1. Is stealing about more than property?
  2. If so, is it stealing if I yell at you, and steal your peace?
  3. If I treat you badly, and then, when you complain to me, pretend that YOU caused me to do so, have I stolen your sense of self? Did I steal your confidence or your rationality?
  4. If I refuse to give up my big car and my plastic bags and my endless need for straws, have I stolen the health of the planet from my children?
  5. If I pretend not to believe in climate change, am I stealing the days we could be working to fix our problems?
  6. Am I guilty of theft if I tell another person a secret, told to me in confidence, by a third person? Have I stolen that person’s privacy? That person’s sense of security in our friendship?
  7. Should I confess to theft if I am possessive of my work, never allowing others to help me or be part of what I am trying to achieve? Am I stealing from them when I say, “It’s easier for me just to do it myself?”
  8. On the other hand, if I have agreed to be part of a system, and yet I am unwilling to do the work required to hold up the system, only doing what serves me or my family, have I stolen from the system? Am I stealing time from the others who must step in to cover what I am not willing to do?
  9. If I am condescending to another group of people, because of their gender or race or other element of identity, am I stealing their rights to fair treatment from them?
  10. What if I just ignore them when they tell me that others are treating them in this way? What if I pretend not to notice, or allow myself to be blind to their pain, not believing them when they say they are being abused—am I still guilty of stealing their rights? Their safety? Their sanity?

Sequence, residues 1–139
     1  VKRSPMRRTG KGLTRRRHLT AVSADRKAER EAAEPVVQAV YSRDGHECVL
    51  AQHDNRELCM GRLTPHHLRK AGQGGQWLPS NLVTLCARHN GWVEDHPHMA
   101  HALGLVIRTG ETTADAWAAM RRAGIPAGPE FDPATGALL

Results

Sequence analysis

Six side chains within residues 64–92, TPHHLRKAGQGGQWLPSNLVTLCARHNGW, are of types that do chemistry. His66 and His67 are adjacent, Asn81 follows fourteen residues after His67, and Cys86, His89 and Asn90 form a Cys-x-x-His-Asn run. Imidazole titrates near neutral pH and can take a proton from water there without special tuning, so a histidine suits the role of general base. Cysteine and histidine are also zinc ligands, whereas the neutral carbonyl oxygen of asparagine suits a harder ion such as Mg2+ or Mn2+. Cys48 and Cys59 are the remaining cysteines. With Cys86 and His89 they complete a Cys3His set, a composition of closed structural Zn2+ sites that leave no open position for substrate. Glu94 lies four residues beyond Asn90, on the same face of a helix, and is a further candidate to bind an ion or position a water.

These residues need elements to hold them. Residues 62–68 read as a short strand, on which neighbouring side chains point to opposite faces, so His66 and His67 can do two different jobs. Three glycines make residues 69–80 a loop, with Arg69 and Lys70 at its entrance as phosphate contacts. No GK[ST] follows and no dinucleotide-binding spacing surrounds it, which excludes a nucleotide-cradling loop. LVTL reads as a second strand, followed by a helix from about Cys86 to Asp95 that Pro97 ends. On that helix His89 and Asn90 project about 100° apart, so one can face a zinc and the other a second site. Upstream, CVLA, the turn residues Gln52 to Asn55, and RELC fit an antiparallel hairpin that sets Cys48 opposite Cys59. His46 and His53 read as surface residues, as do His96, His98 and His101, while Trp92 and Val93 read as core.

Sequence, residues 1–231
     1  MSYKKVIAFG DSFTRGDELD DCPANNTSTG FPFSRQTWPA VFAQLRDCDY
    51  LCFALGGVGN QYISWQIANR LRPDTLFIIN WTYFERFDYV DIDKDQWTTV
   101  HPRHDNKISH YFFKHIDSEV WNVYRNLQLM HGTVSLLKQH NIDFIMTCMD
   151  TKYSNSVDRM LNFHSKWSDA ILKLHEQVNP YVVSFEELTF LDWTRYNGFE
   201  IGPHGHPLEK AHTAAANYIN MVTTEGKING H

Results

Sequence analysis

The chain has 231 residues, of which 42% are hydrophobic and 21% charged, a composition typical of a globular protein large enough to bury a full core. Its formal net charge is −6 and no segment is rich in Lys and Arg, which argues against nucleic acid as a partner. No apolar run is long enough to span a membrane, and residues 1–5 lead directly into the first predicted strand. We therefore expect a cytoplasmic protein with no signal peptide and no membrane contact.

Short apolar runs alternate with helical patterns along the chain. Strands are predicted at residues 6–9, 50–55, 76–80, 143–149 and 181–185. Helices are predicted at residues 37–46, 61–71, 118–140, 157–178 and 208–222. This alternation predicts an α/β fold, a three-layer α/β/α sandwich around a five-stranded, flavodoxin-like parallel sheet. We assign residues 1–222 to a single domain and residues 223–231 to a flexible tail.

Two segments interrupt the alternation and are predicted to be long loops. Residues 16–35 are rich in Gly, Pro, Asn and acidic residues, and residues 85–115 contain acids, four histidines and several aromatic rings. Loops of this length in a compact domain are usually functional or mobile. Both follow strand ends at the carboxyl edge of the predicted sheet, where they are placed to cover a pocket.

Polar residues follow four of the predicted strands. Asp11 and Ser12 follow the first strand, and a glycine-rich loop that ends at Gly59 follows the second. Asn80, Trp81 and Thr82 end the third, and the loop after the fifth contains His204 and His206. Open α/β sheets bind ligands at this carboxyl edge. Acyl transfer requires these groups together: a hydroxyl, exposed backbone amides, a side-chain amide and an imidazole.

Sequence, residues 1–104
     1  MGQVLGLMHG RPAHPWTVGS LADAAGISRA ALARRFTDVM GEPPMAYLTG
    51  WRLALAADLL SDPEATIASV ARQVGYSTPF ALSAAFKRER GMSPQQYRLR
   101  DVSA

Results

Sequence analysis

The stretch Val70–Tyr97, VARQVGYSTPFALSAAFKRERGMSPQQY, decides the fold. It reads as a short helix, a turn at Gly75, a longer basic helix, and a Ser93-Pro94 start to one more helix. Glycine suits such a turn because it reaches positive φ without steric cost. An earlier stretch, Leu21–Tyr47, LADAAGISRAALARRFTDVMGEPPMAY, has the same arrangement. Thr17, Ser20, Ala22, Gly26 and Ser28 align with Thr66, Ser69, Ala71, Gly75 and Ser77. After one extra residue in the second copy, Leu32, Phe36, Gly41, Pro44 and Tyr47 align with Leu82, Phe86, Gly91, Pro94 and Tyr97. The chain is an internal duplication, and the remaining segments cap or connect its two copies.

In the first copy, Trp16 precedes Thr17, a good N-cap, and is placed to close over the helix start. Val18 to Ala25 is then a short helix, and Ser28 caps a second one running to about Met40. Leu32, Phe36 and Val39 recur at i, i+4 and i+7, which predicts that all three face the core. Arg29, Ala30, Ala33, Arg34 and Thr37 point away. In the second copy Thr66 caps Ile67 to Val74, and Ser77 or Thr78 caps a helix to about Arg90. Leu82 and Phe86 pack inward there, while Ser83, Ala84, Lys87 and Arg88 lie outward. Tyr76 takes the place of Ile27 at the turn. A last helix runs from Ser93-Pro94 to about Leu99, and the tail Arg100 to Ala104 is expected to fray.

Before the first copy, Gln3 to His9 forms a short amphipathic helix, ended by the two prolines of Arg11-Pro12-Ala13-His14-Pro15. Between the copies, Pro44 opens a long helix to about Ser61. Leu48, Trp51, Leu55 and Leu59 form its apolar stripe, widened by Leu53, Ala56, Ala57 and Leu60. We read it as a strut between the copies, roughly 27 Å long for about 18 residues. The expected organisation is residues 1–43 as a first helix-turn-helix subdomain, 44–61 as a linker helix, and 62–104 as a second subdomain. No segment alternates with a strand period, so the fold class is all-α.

Addressing our own guilt is not fun. I have heard, more than once since I became a minister to this congregation, people say that they did not come to church to be made to feel guilty. As if guilt was only felt when someone else pointed it out. I submit to you that David knew exactly what he had done, and he knew it long before Nathan showed up. It is clear in his over-reaction to the man who stole a sheep—he’s ready to kill a man over the theft of a sheep! I submit to you that our intense anger at people who cut us off in traffic, our defensiveness over any suggestion that we may have done anything wrong masks intense feelings of guilt and shame. No one gets angry at a doctor who finds a cancerous spot and wishes to excise it. A healthy life requires that the cancer be removed. Coming here, coming to this place and to this table, and addressing that guilt head on—that’s a healthy approach to guilt. It is not that we do things and don’t feel guilty unless someone is callous enough to point them out. We wear our guilt around us like a bag of stones, all the time.

Today, at this table, we offer the chance to take that bag off our shoulders and lay it down. Permanently. On your pews, you will find a rock. You define the rock as a symbol of whatever you decide is appropriate. We are not called to carry all the sins of the world—just our own. Just what we have actually done, what we are actually guilty of. If you wish, you can pick the stone up—claim it. And then, if you would confess it, and lay it before God—if you would rid yourself of its weight—whatever it is that you have been carrying—bring it forward and lay it on this table. And as we take into our very bodies the spirit of Christ, open yourself to true forgiveness, release the weight of guilt, and prepare to take your body out into the world, this world which belongs to God, light, clean, fresh and new.